Astrophysics Observation, Instrumentation, and Experiment

Astrophysics seeks to understand the nature and evolution of the universe and its constituents, using extreme objects as laboratories for examining the behavior of matter and fields beyond domains easily accessible to terrestrial laboratories. Faculty in astrophysics study the universe across many electromagnetic wavebands and using gravitational waves. Ongoing work focuses on cosmology, including studies of structure formation and the epoch of reionization, extragalactic and galactic astrophysics, the first stars, neutron stars and black holes, and exoplanets. Many of our faculty are active in developing new instruments and techniques pushing the frontiers of such studies.

Our research groups work with a large and growing set of instruments, both on the ground and in space. Currently the facilities we work with most closely include the Canadian Hydrogen Intensity Mapping Experiment (CHIME), the Chandra X-Ray Observatory, the Hydrogen Epoch of Reionization Array (HERA), the Laser Interferometer Gravitational-wave Observatory (LIGO), the Magellan Telescopes, the Neutron Star Composition Explorer (NICER), the South Pole Telescope (SPT), and the Transiting Exoplanet Survey Satellite (TESS).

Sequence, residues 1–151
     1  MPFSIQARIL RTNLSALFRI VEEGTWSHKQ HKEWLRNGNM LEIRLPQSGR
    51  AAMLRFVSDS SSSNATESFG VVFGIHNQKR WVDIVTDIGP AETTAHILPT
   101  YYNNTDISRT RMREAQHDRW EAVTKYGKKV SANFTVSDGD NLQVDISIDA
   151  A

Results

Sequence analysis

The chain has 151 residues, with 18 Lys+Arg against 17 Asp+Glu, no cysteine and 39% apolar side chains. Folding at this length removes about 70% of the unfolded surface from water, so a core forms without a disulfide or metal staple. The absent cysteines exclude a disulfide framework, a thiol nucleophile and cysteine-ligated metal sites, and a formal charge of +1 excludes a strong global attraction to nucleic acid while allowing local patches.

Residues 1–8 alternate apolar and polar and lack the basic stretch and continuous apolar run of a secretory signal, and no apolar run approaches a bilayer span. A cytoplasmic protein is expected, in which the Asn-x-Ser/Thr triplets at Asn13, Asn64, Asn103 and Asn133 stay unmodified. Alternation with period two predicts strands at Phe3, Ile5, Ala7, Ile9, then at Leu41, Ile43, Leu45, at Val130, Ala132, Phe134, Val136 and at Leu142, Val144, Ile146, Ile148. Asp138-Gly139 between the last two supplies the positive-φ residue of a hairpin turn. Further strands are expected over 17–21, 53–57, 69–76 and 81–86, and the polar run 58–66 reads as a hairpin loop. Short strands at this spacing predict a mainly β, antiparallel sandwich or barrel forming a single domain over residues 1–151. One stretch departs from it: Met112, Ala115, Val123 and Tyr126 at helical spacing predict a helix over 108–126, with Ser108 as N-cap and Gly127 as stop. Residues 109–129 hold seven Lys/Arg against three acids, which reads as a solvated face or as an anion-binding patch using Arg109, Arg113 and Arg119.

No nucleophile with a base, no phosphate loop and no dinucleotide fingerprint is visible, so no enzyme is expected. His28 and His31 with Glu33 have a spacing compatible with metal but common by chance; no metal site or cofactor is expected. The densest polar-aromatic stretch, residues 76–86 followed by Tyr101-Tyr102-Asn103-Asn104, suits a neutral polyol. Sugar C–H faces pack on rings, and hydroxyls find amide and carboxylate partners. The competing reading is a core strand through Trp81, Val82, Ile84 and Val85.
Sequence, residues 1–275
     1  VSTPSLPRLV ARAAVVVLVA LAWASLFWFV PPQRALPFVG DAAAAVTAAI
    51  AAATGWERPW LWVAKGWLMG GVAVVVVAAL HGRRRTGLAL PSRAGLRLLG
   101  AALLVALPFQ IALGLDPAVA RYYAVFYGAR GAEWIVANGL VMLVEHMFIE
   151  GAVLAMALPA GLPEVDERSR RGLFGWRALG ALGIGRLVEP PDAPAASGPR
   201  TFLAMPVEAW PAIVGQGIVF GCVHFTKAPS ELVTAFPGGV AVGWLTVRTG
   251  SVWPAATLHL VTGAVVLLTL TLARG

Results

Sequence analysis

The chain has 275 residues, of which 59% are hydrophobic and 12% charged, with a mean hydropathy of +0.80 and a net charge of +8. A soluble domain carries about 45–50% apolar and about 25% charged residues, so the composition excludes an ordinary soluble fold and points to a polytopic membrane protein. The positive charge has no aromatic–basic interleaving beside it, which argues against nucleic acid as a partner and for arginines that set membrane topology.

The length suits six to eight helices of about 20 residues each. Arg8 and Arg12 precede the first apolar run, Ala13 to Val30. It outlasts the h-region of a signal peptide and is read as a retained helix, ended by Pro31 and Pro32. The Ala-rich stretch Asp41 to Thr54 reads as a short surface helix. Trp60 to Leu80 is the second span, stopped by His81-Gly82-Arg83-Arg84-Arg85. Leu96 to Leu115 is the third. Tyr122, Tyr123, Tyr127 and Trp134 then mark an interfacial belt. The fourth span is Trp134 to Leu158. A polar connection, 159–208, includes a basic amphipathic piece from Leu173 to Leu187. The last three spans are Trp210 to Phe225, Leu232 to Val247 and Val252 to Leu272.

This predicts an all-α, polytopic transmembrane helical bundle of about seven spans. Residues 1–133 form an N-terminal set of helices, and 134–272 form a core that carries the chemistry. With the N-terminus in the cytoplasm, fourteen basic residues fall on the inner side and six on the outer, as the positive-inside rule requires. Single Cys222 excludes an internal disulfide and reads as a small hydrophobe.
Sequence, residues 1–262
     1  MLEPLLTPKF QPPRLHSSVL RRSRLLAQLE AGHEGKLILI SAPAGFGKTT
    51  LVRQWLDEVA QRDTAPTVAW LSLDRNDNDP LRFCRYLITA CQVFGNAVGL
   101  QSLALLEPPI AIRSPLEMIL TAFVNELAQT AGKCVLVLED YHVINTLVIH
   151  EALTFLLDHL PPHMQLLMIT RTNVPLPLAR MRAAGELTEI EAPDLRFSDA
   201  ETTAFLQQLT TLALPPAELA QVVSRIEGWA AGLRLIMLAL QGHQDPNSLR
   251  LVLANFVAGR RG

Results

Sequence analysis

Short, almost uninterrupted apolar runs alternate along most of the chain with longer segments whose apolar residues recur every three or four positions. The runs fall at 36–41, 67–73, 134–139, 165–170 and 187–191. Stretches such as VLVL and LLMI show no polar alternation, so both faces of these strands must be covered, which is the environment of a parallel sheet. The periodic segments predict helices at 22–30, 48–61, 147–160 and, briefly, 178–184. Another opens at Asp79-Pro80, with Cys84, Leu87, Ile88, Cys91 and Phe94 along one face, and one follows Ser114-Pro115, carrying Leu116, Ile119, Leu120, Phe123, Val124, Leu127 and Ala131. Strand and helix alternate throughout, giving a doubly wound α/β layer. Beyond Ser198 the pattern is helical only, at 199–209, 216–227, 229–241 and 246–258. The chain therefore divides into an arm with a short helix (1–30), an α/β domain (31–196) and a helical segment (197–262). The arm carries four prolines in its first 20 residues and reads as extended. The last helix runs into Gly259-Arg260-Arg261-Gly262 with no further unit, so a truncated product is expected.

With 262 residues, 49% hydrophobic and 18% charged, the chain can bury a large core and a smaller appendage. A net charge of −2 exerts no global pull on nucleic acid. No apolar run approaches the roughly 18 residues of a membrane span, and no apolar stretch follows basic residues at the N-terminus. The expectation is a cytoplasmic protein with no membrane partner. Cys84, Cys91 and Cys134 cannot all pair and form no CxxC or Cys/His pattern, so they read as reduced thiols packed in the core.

Experimental Astrophysics at MIT is a division of the physics department, and operates within the MIT Kavli Institute (MKI). Please visit the MKI research pages for more information about astrophysics at MIT.